The story is a favorite around Dorado Beach, and Chi Chi and McDonough consider themselves good friends today. Chi Chi, in fact, has a lot of friends at Dorado Beach, and the club is one reason he is on the tour.
"They give me $12,000 a year for expenses," says Chi Chi, "and I pay them the first $6,000 I make in prize money."
Most of the rest of Chi Chi's money goes into the bank. He has built a new house in San Juan for the family he supports—"nice bedrooms, a good yard where I can grow pretty things and a nice kitchen where my sisters can cook beans and rice"—and he has bought a Cadillac. "Not to show off," he says. "Only because I need a good car to drive to as many tournaments as I can because I hate to fly, and because I can sell it for what I paid."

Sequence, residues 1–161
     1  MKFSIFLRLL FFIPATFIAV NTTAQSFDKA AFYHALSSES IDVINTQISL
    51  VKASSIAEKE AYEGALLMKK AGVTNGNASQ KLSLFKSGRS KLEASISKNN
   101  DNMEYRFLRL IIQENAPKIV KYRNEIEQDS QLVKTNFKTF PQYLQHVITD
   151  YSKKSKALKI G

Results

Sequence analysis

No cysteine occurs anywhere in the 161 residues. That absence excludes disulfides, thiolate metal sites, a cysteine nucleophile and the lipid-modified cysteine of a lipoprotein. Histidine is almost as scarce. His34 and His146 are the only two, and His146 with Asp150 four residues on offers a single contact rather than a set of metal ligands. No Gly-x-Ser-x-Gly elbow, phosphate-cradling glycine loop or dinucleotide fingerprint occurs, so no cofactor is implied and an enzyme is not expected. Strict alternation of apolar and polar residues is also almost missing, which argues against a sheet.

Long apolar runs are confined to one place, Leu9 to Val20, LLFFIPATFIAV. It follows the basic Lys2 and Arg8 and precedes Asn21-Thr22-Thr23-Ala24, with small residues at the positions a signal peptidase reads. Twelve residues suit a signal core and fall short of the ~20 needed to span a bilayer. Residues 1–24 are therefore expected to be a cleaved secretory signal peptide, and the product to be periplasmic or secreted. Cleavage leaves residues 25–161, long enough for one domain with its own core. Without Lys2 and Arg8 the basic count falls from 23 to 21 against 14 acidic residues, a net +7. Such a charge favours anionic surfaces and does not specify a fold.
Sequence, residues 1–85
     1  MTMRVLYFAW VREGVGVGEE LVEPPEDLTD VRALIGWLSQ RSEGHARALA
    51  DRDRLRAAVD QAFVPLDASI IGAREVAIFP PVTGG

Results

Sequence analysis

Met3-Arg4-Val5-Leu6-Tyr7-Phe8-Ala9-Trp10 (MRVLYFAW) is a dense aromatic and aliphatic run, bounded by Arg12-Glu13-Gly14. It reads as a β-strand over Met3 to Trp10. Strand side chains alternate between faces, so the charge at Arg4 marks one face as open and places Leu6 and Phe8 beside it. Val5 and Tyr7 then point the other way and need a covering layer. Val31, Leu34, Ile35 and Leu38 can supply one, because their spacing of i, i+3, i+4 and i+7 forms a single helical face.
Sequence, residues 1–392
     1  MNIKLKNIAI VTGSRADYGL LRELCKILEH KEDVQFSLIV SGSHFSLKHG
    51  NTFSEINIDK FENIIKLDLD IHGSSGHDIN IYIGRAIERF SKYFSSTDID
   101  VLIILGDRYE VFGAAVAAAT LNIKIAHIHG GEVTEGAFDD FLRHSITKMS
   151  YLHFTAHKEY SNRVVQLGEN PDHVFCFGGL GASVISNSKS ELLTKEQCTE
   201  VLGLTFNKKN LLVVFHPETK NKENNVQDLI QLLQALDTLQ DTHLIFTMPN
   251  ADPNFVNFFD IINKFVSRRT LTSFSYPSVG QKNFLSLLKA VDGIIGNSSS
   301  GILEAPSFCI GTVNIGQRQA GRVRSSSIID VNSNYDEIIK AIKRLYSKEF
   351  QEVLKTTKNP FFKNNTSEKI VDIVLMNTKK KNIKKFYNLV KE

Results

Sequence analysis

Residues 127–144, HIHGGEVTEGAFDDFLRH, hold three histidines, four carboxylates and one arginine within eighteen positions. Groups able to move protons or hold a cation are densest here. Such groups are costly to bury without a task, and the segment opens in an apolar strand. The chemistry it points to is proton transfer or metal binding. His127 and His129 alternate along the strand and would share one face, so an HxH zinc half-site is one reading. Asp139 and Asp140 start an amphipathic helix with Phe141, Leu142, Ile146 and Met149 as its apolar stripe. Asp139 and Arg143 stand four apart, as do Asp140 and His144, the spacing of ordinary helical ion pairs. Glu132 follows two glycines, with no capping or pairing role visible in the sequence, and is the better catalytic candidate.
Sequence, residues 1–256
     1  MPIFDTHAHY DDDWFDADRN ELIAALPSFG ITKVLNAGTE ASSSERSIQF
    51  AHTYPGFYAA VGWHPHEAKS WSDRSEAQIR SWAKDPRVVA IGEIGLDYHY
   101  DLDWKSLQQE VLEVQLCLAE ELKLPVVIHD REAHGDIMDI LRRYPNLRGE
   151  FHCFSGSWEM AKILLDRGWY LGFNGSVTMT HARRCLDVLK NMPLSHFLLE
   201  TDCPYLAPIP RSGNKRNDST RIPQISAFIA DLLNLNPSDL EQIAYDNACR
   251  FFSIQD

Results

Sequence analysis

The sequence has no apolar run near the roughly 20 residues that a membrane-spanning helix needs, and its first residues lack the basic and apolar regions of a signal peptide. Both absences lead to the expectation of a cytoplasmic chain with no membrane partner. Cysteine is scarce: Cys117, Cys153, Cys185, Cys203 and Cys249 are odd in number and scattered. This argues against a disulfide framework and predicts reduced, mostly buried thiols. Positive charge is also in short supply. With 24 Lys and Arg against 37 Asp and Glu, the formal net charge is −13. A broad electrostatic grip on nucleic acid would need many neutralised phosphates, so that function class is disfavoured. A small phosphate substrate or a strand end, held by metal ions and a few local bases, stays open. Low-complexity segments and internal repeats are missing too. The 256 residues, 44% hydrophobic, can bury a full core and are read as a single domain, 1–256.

Airplanes, Chi Chi firmly believes, are going to kill him eventually. They have almost driven him from the tour. "I know that airplanes got no business in the air and that all of them are going to fall down. I've hit air pockets and dropped 6,000 feet, and I've flown on only one engine when the others went out. Boy, I hate flying. I wish I could drive to every tournament so the airplanes wouldn't kill me sooner or later. But the good thing is that I got lots of insurance for my family, and they won't ever have to go hungry when the airplanes kill me."
But if there is anything that bothers Chi Chi more than airplanes, it is the disapproval of his fellow pros.